Masonry has evolved from simple hand-made sun dried brick to modern machine cut and hard fired modular units. When investigating historic masonry problems, the general era of brick manufacture is important. Each era will exhibit common problems.

This wall was constructed about 1908. The rose colored brick are very common as the redish clays occur throughout East Texas. When these brick were fired in the early kilns some brick did not reach the optimum temperature. Some have soft inner cores encased in a harder shell. As the brick have absorbed moisture over the years, their cores swelled resulting in spalling (face popping off).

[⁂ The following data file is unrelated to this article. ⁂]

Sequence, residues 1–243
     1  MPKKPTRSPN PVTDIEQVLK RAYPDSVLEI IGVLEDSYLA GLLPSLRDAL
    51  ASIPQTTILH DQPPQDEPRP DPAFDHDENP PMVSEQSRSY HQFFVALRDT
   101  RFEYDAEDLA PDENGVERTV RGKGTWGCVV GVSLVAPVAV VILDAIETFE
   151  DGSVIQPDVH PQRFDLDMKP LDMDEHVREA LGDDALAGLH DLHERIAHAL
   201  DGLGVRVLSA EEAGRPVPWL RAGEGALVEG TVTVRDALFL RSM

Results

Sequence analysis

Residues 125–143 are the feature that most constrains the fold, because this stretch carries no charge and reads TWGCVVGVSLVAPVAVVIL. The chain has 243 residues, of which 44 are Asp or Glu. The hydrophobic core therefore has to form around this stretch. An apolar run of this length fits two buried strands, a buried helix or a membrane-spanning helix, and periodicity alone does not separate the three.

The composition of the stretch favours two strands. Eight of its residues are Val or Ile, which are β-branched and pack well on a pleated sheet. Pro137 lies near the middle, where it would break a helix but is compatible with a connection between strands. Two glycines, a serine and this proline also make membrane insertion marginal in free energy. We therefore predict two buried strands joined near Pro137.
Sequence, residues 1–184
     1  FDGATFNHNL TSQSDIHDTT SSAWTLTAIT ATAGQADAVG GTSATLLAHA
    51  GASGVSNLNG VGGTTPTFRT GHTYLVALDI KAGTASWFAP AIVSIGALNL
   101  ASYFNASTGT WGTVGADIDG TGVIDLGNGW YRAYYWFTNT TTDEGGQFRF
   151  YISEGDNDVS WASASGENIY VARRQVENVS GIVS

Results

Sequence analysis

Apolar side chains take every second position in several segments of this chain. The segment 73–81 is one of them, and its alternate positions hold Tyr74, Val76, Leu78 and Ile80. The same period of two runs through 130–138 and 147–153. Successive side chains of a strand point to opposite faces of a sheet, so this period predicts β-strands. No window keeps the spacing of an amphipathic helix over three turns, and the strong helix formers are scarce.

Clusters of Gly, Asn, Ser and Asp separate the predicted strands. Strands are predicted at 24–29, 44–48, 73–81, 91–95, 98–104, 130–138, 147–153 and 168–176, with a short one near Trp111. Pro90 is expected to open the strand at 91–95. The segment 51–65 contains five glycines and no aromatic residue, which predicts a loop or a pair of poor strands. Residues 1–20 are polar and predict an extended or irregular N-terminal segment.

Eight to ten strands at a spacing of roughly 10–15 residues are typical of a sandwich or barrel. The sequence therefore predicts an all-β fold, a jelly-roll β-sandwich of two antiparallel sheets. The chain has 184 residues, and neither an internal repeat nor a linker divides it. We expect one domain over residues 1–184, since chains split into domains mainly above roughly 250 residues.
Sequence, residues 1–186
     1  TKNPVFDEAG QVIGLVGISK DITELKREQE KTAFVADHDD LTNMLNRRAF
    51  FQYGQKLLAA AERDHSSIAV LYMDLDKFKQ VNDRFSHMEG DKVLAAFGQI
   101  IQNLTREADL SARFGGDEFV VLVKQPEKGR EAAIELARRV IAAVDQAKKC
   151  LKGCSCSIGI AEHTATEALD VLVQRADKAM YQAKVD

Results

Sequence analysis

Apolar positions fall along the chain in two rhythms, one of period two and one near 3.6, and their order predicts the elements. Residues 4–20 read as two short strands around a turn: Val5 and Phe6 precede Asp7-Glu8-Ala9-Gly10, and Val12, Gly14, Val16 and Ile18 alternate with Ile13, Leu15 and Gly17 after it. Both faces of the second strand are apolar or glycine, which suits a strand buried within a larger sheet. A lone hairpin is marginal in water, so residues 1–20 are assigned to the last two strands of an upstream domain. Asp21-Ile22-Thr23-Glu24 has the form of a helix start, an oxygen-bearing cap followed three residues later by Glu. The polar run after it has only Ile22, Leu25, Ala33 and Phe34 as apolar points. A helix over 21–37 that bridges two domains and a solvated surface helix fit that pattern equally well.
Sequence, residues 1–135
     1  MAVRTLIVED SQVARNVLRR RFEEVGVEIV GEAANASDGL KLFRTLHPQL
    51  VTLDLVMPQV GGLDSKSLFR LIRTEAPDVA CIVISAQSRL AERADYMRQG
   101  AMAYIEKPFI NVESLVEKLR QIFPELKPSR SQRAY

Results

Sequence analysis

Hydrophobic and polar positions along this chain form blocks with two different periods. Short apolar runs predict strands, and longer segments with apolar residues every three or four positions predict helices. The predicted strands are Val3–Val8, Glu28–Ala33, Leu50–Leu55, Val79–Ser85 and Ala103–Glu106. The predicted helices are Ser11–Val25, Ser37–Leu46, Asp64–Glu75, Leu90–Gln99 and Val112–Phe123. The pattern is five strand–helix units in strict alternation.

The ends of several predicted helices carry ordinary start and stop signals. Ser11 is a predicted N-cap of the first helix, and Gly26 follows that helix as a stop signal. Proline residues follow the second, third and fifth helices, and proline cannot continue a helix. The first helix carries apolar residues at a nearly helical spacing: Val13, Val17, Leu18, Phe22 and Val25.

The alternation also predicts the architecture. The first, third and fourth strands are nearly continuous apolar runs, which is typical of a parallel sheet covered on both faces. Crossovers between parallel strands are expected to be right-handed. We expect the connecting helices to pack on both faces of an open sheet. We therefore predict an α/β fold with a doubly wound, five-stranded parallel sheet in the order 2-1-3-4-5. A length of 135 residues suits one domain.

This is a bonded wall system. Brick are held together with a soft, lime based mortar and are interlocked. Notice the brick ends (or bond course) every seventh course? This method of constructing masonry bearing walls faded away about WWII; giving way to steel framed buildings, cement based mortars and brick veneer walls.

This wall is in need of restoration by pointing (re-doing) mortar joints, replacing damaged brick, and keeping water from entering the top of the wall.